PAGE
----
A COMPETITION has been launched to name the CalMac ferry at the centre of the Ferguson's ferry fiasco. 

Hull 802 has become infamous in recent years due to the lengthy delays and soaring costs of the contract to build both her and sister ship MV Glen Sannox.

Now as work on the saga finally edges towards a conclusion, Caledonian Maritime Assets Limited (CMAL), the Port Glasgow based public authority which oversees 26 harbours on the west coast of Scotland and owns 37 ferries, is calling for the public’s to help give the unnamed ship a title.

It says the two dual-fuel ferries being built at Ferguson's for the Clyde and Hebrides Ferry Services network will 'provide a fully flexible year-round service for Arran'.

But the controversial vessels are more than five years late and are expected to cost around £350m, instead of the original £97m contract price.

Hull 802's launch is likely to take place towards the end of this year and she is scheduled to follow Glen Sannox into passenger service by the end of 2024.

A shortlist of names has been produced after consulting with islanders and local communities, CMAL say.

The names have ties to Scottish heritage and the landscape on Arran.

Anyone can vote and the most popular name will be given to Hull 802.

Voters will be entered into a competition to win a free return journey on one of the ferries for four passengers and a car.

The shortlisted names are: Glen Cloy (after a small valley on the east coast of Arran),  Glen Rosa (a glen near Goat Fell on Arran) and Claymore (from the Gaelic Claidheamh Mòr, meaning ‘great sword').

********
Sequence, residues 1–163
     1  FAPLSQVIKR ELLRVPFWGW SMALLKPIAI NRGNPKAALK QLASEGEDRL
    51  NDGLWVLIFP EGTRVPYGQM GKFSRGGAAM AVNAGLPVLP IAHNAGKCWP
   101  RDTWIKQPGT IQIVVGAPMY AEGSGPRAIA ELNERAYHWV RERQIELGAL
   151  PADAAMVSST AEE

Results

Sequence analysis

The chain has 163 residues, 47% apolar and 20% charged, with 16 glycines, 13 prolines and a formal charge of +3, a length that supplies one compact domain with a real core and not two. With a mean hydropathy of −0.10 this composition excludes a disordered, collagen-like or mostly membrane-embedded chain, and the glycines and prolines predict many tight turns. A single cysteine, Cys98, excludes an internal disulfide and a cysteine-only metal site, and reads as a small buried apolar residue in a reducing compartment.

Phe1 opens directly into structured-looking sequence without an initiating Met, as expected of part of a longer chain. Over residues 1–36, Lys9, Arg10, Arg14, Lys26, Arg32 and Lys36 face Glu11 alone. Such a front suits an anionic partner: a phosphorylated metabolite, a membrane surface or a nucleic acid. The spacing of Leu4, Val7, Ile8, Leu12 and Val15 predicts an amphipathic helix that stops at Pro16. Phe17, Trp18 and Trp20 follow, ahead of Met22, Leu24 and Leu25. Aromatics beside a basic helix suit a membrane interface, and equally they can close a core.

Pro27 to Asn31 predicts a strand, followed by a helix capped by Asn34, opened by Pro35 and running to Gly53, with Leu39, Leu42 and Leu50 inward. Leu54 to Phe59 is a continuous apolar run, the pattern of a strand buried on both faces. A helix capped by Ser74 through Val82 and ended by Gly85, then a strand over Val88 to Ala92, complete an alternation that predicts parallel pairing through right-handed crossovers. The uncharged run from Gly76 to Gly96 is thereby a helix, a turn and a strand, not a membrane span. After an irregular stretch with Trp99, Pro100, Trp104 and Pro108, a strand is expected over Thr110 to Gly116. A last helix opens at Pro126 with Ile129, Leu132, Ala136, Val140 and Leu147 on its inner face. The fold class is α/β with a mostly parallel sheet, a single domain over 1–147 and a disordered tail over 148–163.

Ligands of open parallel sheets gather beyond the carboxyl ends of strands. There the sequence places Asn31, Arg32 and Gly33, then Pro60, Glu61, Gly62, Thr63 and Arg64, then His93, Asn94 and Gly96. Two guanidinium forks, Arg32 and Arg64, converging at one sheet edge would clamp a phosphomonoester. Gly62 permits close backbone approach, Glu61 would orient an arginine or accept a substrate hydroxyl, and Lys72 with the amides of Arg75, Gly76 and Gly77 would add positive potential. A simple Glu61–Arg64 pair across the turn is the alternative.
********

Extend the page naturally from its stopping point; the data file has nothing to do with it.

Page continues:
Greenock Telegraph:

The vote is being held online at www.cmassets.co.uk and it closes on August 23.

Kevin Hobbs, chief executive of CMAL, said: “The two ferries, Glen Sannox and Hull 802, will be a welcome addition to our Clyde and Hebrides Ferry Services network - however Hull 802 is currently nameless.

“We know there’s a lot of interest in the dual fuel ferries, so we hope to see this translate into votes."

READ MORE: Ferguson Marine boss on yard's future after ferries fiasco

The 102-metre ferries will be able to operate on both liquefied natural gas (LNG) and marine diesel.

Greenock Telegraph:

Bosses at CMAL say LNG is 'significantly cleaner' and has been adopted by ferry operators in northern Europe in response to tighter emissions regulations.

Greenock Telegraph:

The two ships are designed to carry 127 cars or 16 HGVs, or a combination of both.

Bosses at Ferguson's recently told the Tele of their confidence at being able to complete the work at last and move on.

Shipyard chief executive Mr Tydeman said: "I really hope that we can put this behind us and just see it as a complex chapter with a lot of mistakes made all around."